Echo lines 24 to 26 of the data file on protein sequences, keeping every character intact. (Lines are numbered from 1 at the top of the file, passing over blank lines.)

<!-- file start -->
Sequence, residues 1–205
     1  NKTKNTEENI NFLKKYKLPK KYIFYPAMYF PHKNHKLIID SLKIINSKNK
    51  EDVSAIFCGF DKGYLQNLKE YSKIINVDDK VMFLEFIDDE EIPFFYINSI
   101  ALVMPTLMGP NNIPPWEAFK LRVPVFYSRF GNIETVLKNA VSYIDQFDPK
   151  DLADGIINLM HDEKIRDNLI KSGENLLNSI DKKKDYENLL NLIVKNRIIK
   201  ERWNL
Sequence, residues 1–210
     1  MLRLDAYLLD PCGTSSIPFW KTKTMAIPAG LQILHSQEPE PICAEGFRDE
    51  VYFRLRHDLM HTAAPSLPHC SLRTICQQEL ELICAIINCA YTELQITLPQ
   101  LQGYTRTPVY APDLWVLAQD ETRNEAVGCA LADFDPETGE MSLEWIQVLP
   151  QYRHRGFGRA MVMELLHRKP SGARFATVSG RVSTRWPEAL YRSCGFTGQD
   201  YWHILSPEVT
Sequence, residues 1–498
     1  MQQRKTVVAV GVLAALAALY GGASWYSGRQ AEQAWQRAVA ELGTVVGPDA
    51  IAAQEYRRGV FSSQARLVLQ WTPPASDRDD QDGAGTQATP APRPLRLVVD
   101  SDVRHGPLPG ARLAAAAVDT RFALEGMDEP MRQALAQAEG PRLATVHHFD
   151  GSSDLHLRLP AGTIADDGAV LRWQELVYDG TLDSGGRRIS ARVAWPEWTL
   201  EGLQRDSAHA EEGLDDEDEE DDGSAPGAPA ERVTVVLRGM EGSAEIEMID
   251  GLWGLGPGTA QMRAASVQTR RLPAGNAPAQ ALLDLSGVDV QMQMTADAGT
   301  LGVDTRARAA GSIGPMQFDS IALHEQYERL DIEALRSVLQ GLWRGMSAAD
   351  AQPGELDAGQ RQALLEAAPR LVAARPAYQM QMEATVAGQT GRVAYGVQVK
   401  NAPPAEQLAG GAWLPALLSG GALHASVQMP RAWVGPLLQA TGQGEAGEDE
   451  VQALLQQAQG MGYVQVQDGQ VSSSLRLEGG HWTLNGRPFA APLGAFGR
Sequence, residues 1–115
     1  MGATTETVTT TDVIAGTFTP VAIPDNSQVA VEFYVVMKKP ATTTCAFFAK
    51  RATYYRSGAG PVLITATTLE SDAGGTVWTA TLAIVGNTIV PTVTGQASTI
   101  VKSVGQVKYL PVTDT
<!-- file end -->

Sequence, residues 1–115
     1  MGATTETVTT TDVIAGTFTP VAIPDNSQVA VEFYVVMKKP ATTTCAFFAK
    51  RATYYRSGAG PVLITATTLE SDAGGTVWTA TLAIVGNTIV PTVTGQASTI